The classic example of an anti-Keynesian fiscal policy was Margaret Thatcher's March 1981 budget, which cut the structural budget deficit by 3 percent of gross national product when the economy was already in recession. This prompted 365 economists to write a letter to the London Times protesting that she was committing economic suicide. In fact, however, the second quarter of 1981 was the turning point. Because of Thatcher's draconian budget, the Bank of England was able to pursue an expansionary monetary policy and orchestrate an orderly decline in the pound. And it was the boost from the lower pound and lower interest rates that pulled the economy out of recession.

There is an important lesson here. After the stock market crash in October 1929, governments almost everywhere tried to cut budget deficits, and the Fed pursued a restrictive monetary policy. This, together with Smoot-Hawley and competitive devaluation, led to the Great Depression.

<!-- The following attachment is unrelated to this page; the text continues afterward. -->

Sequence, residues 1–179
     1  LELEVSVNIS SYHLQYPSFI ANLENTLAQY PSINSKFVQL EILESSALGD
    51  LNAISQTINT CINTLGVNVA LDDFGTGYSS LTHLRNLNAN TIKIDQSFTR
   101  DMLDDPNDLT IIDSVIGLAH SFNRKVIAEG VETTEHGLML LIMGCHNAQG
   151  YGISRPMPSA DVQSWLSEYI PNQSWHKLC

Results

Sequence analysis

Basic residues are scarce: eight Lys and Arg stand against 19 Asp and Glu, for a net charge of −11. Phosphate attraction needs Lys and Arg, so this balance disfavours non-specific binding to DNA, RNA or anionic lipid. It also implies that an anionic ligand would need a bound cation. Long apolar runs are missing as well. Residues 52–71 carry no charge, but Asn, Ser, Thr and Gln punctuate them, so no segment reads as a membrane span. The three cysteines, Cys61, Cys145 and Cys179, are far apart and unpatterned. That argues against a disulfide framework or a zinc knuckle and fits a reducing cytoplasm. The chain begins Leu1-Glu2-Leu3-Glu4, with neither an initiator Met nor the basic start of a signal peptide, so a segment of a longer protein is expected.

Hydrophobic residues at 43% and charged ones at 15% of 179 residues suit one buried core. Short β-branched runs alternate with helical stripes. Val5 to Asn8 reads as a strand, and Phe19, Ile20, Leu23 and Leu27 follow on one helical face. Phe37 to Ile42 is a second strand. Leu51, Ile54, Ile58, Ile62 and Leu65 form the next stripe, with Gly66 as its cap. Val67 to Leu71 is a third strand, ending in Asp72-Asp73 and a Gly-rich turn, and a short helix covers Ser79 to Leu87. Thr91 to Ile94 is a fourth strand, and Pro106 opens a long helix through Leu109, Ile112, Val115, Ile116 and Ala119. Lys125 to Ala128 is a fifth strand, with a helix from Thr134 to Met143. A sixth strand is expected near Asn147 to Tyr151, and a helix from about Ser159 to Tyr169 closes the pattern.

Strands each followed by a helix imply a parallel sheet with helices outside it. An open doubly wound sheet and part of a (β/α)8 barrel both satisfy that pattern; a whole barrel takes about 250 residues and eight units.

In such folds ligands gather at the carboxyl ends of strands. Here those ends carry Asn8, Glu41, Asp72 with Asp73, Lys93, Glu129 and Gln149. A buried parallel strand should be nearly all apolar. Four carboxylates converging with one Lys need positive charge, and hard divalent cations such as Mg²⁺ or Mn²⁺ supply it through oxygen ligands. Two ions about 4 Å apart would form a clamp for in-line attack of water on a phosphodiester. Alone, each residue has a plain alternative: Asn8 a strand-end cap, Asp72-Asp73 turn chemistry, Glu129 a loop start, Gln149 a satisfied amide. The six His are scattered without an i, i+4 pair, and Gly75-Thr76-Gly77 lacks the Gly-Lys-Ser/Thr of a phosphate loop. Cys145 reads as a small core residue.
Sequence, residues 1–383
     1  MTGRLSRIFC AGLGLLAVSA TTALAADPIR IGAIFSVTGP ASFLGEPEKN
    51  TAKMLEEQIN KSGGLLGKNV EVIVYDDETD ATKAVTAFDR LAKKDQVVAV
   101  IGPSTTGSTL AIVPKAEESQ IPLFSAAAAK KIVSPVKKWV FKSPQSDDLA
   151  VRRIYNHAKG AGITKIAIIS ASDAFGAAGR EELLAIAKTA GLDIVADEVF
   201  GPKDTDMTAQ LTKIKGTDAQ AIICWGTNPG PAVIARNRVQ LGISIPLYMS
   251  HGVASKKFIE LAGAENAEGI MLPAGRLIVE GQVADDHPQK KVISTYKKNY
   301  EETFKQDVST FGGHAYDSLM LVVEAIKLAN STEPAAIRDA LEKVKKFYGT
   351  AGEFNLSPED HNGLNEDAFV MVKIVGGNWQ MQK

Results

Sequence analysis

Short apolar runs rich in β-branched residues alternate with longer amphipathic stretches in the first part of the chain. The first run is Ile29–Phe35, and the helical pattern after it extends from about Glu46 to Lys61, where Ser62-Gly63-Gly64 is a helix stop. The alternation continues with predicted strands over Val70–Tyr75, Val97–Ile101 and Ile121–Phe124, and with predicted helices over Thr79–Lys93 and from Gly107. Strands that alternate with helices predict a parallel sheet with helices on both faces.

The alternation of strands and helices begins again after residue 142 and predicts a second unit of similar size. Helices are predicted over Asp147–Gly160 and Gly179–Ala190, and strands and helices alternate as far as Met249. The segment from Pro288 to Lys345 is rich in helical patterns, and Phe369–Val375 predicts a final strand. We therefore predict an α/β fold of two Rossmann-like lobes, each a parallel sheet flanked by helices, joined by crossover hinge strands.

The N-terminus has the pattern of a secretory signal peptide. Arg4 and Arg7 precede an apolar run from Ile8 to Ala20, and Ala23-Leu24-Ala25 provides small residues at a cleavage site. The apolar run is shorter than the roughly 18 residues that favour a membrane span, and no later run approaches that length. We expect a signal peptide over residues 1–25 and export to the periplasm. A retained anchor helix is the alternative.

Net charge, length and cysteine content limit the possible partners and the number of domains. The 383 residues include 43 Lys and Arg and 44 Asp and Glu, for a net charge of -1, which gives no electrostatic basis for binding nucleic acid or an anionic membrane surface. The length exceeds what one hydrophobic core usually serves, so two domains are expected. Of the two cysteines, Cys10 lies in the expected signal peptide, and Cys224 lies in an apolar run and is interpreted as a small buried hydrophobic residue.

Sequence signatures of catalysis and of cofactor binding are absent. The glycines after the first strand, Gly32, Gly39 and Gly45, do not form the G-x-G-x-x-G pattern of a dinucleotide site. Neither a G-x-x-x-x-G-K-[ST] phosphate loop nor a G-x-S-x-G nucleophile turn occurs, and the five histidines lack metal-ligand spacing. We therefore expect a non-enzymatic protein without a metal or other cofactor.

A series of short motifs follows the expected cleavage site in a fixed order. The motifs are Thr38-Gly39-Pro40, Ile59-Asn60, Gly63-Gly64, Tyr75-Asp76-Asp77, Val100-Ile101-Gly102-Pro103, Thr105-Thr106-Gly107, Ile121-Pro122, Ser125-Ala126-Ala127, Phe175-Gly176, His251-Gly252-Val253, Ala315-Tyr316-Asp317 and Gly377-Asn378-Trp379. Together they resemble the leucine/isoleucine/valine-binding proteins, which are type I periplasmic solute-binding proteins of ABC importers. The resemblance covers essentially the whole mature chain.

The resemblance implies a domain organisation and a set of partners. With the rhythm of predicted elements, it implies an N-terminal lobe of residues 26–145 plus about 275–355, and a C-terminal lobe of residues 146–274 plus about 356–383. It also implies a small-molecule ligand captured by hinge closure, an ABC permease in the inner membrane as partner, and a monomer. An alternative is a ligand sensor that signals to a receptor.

History need not repeat itself. First, the United States should cut its budget deficit so that the Fed can pursue a relatively easy monetary policy, without setting off a free fall in the dollar. Second, other countries with trade surpluses should increase, not cut, their budget deficits. Third, all countries, not just the United States, must not try to opt out of the impending world recession by putting up barriers to imports. Fourth, international macroeconomic cooperation must be strengthened, not abandoned.

The issue now is whether the U.S. trade deficit can be corrected without inducing a world recession. Europe and Japan, with a combined GNP nearly double that of the United States, will have a crucial role to play. Equally, even after America has got its act together, massive international support will probably be needed for the dollar: it is, after all, the world's currency.

The writer is a senior fellow at the Institute for International Economics.